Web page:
Format

Send to

Choose Destination
Philos Trans R Soc Lond B Biol Sci. 1991 Sep 30;333(1268):409-16; discussion 416-7.

Phylogenetic affiliation of ancient and contemporary humans inferred from mitochondrial DNA.

Author information

1
Department of Human Genetics, National Institute of Genetics, Shizuoka, Japan.

Abstract

Nucleotide sequence analysis of the major non-coding region of human mitochondrial DNA (mtDNA) from three major races was extended with data from 27 contemporary Mongoloids (20 from southeast Asia, seven from America) and 11 Ancient Japanese bones (five from Jomon Age; 3000-6000 years BP, six from the early modern Ainu; 200-300 years BP). In both cases, the sequence was determined directly from the polymerase chain reaction products. Based on a comparison of the 482 base pair sequences from a total of 128 contemporary humans, the nucleotide diversity is estimated to be 1.46%, which is three times higher than the corresponding value estimated from restriction-enzyme analysis of the whole mtDNA genome. The phylogenetic tree revealed that all lineages are classified into at least five clusters designated as C1-C5. C1 consists exclusively of Africans, and most Asians and Europeans formed C2, C3, C5 and C4, respectively. Phylogenetic analysis also indicated that part of the Asians, including the Japanese, subsequently diverged from the majority of Africans, and that Asians can therefore be separated into two distinct groups. Native Americans, however, appeared only in C3 and C5, suggesting that the size of the founder population was not so large during the peopling of American. Nucleotide sequences derived from ancient bones in a highly polymorphic region were also compared with those of contemporary humans. The nucleotide diversity among the 139 sequences in the region was estimated to be 2.26%. A group of ancient Japanese, including both Jomon peoples and the Ainu, showed a close phylogenetic affiliation with one group of contemporary Japanese and southeast Asians.(ABSTRACT TRUNCATED AT 250 WORDS).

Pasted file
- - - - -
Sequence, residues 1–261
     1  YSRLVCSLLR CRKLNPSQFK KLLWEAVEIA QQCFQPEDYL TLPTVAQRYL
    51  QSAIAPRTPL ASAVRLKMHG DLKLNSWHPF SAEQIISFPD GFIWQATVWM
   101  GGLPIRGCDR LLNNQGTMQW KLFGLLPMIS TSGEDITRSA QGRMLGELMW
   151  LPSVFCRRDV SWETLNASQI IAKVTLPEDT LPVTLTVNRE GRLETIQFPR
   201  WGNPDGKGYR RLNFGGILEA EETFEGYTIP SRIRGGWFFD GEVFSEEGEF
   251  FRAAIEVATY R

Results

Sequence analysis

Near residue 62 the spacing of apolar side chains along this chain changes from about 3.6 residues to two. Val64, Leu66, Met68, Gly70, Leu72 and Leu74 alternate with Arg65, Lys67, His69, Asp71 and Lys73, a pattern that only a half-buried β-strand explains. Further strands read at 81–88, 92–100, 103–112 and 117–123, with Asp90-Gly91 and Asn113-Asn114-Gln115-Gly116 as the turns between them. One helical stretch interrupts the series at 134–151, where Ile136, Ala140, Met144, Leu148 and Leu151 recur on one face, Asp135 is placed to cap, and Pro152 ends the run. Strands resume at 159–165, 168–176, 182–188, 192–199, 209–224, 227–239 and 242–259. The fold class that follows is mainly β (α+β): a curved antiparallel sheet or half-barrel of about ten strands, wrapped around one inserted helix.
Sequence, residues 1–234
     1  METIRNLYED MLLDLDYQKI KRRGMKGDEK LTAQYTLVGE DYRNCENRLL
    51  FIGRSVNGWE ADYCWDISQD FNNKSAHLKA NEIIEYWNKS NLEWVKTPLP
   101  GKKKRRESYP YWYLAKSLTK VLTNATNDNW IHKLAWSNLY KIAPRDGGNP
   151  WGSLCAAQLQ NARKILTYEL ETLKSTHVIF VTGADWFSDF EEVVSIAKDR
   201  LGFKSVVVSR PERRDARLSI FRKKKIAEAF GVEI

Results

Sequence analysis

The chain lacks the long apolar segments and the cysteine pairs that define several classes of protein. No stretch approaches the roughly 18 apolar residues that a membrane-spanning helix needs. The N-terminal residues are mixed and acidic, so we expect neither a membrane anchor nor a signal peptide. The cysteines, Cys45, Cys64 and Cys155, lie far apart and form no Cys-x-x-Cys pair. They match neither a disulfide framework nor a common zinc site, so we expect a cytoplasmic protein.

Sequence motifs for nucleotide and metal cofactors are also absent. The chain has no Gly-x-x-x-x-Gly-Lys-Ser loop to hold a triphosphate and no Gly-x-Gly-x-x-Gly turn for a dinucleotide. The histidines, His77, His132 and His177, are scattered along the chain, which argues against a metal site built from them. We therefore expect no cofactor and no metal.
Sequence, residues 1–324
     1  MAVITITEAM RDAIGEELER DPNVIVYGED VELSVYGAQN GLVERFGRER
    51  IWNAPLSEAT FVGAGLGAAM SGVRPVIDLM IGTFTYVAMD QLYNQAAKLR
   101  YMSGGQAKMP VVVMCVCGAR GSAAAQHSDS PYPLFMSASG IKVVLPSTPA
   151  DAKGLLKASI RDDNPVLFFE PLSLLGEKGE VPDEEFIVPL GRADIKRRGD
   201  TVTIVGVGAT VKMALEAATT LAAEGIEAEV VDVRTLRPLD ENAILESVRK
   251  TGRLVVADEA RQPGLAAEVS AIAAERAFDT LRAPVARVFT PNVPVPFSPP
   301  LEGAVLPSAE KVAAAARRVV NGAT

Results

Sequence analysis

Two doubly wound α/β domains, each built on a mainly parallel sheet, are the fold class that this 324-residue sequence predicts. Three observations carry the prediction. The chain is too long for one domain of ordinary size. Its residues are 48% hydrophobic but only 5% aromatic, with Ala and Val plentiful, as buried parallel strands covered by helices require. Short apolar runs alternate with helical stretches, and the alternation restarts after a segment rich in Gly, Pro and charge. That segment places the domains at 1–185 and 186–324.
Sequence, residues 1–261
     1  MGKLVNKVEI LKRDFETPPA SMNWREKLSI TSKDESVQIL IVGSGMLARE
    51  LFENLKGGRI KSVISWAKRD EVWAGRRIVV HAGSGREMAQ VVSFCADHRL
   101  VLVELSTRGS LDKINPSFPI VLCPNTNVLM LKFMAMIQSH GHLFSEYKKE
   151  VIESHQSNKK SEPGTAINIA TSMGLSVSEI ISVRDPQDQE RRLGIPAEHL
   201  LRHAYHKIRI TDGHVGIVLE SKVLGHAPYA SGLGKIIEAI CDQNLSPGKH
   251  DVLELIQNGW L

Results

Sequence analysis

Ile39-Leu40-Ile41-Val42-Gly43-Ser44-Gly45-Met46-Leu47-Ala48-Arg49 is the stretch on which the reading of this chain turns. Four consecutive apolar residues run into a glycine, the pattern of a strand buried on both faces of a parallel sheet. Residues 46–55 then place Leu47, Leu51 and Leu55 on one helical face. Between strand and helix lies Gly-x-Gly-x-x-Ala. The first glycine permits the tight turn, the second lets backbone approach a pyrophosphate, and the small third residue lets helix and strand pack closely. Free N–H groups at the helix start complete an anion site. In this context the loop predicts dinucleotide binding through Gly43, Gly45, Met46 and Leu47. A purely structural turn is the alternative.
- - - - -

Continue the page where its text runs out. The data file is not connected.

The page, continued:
PMID:
1684051
DOI:
10.1098/rstb.1991.0091
[Indexed for MEDLINE]

Supplemental Content

Full text links

Icon for Atypon
Loading ...
Support Center